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Fox Affiliate, Guitar GodHitched in Vegas Wedding

KVVU Las Vegas, one of the boldest stations in the country when it comes to branded integration, has another unique product placement partnership in the works. The station is preparing to debut an on-set music studio bearing the name of a major music outfit. The “Gibson Showroom at FOX5 Studios” reflects an innovative pact between the Meredith station and the guitar giant Gibson, unveiled as the CES show kicks off in town this week.

In addition to naming-rights cash, KVVU gets a state-of-theart studio to host the numerous musical acts that schlep through Sin City. “Of all the things we did well, such as movies and television [star] interviews, what we didn’t do well was live music,” says Darrin McDonald, vice president and general manager at KVVU. “We didn’t have a facility for performers to come in and play.”

KVVU does now. The 600 square-foot studio, bearing the Gibson logo prominently, sits in a balcony overlooking the set belonging to KVVU’s lifestyle show, More. (KVVU airs More from 9-10 a.m. and More Access 6-7 p.m.)

While the merits of branded integration can be debated ad nauseam, KVVU is an indisputable pioneer in the category. In 2008, the station made national headlines when it featured McDonald’s iced coffee cups on the set of its morning program; KVVU’s execs said the cups were there during the lighter news/lifestyle part of the show, not the hard stuff prior to 7 a.m. The cups’ appearance, during a yearlong contract with McDonald’s, set off a debate on ethics. But KVVU did not stop there; after moving More out of the station’s news division, it sold naming rights to the More green room, along with a wet bar and slot machine on the set.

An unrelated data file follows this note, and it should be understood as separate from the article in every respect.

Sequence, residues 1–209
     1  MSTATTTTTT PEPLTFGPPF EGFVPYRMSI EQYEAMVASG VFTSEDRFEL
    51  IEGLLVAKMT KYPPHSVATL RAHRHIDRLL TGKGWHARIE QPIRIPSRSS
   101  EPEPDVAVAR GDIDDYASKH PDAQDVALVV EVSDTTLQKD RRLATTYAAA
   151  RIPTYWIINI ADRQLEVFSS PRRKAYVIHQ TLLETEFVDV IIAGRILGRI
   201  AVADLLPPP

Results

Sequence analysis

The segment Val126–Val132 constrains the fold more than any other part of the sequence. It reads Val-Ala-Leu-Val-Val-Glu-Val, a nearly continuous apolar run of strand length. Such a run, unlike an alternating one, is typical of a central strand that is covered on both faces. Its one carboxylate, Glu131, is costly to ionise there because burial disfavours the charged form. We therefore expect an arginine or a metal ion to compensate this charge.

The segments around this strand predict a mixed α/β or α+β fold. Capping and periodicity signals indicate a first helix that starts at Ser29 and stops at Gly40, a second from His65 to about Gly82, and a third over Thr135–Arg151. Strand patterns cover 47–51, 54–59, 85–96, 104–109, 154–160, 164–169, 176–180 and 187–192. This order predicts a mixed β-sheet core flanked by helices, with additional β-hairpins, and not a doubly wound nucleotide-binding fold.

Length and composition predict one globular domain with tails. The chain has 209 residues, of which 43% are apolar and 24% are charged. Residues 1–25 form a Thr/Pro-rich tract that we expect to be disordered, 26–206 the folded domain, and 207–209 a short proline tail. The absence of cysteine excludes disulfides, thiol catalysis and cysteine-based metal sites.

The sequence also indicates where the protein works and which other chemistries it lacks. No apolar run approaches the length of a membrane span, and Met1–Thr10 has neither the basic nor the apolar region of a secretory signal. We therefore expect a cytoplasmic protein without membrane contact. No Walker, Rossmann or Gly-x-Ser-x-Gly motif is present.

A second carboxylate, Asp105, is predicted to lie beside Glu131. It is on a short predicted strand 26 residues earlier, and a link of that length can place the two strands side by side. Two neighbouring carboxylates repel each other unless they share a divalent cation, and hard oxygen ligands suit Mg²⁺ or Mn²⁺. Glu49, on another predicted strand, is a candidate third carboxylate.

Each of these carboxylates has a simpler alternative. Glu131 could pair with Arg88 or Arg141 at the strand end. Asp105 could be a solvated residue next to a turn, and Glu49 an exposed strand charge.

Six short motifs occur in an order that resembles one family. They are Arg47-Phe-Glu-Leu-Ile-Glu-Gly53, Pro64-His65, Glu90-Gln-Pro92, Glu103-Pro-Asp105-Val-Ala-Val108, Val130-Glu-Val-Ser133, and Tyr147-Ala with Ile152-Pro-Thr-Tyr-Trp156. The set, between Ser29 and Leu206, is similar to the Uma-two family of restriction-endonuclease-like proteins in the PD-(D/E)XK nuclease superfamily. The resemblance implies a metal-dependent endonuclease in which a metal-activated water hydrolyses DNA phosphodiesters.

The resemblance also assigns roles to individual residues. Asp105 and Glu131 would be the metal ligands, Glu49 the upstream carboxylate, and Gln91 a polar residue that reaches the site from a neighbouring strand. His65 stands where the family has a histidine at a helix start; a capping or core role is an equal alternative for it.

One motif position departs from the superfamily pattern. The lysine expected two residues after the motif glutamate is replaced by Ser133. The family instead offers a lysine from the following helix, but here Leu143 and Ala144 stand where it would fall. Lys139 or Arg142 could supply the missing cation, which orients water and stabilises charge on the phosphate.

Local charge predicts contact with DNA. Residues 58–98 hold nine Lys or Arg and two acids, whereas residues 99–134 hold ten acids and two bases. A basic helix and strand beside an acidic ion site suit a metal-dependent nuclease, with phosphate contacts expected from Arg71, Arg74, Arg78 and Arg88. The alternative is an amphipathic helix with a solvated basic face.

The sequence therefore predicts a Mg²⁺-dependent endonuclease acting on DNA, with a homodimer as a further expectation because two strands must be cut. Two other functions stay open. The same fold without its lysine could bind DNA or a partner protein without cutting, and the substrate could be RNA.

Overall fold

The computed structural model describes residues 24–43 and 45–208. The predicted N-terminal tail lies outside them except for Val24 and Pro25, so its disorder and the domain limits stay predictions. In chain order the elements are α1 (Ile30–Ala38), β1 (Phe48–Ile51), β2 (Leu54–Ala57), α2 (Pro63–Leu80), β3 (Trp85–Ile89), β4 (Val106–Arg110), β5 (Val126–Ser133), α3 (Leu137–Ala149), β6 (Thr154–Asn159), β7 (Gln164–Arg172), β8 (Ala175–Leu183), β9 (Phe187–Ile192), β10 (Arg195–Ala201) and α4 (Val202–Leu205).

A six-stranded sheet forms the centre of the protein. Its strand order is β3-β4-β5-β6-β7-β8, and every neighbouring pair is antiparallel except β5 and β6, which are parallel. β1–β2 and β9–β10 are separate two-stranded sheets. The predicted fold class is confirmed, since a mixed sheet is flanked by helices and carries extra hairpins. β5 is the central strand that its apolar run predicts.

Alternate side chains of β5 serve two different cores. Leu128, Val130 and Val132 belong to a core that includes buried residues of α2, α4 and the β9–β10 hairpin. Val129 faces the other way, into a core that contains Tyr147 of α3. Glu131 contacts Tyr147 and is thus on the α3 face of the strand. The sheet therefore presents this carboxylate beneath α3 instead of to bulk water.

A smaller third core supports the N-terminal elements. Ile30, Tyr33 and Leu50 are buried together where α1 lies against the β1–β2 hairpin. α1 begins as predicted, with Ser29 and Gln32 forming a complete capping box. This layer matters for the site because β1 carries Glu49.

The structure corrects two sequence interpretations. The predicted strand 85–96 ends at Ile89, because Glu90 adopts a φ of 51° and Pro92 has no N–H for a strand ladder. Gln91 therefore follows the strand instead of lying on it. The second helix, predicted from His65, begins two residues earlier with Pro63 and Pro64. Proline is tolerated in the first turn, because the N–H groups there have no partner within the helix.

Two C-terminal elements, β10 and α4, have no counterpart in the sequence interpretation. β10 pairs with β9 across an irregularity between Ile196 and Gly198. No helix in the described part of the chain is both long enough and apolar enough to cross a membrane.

KVVU’s McDonald says the Gibson studio will pop up primarily on the two More shows, but will get airtime during the news when appropriate, such as when a big-name act is performing at a local charity event. “If we have the right people and the right reason, we absolutely will [have the performances in newscasts],” he says. McDonald adds that KVVU is also kicking around a possible musical performance series.

Live music is essential to many Fox affiliates’ local programming. The network of course offers pop cultural touchstones such as The X Factor, American Idol and Glee, and many Fox affiliates’ mammoth morning programs feature both local and touring performers. WJBK Detroit and KTVI St. Louis are a few Fox affiliates where live music is essential to the stations’ local identity.

Gibson has showrooms around the world, including Nashville, Austin, New York and London, where artists pop in to try out new gear. Las Vegas, where an unending array of performers play at the various rock rooms and casino theaters every night, was a logical choice for the instrument vendor. “They did not have a showroom in Vegas,” says Terri Peck, director of marketing at KVVU. “We said, why not build it in our studio?”

A Gibson representative says the company is not only intent on getting its product onto television, but also having its artists perform in top-quality TV venues. The deal with KVVU could be the first of many Gibson-TV station arrangements around the country, adds the rep.

Neither Gibson nor KVVU would divulge financial details of the partnership, only that it is a joint deal with a year-toyear contract. KVVU’s management says the cost of building out such a studio space runs $75,000- $100,000. “It’s a number we feel comfortable enough about to build this out,” Peck says of Gibson’s investment.

Construction crews busted their collective butts to get KVVU’s performance space up and running in time for CES, the giant annual electronics trade show Jan. 10-13 (the 2011 CES attracted 140,000 people and 2,700 exhibitors to Vegas). A lineup of big-name talent is scheduled to perform out of the KVVU-Gibson studio during the show, though the principals were not sharing names at presstime. “CES is real important because there will be a lot of eyeballs here at this time,” says Peck. “Gibson has a very large role at CES.”

KVVU will slowly unveil the studio, with one or two performances on air per week, while gradually ramping up the musical acts—and Gibson plugs. “We’ll have it as many times as we have [available] talent,” says McDonald. “Potentially, it could be five days a week.”

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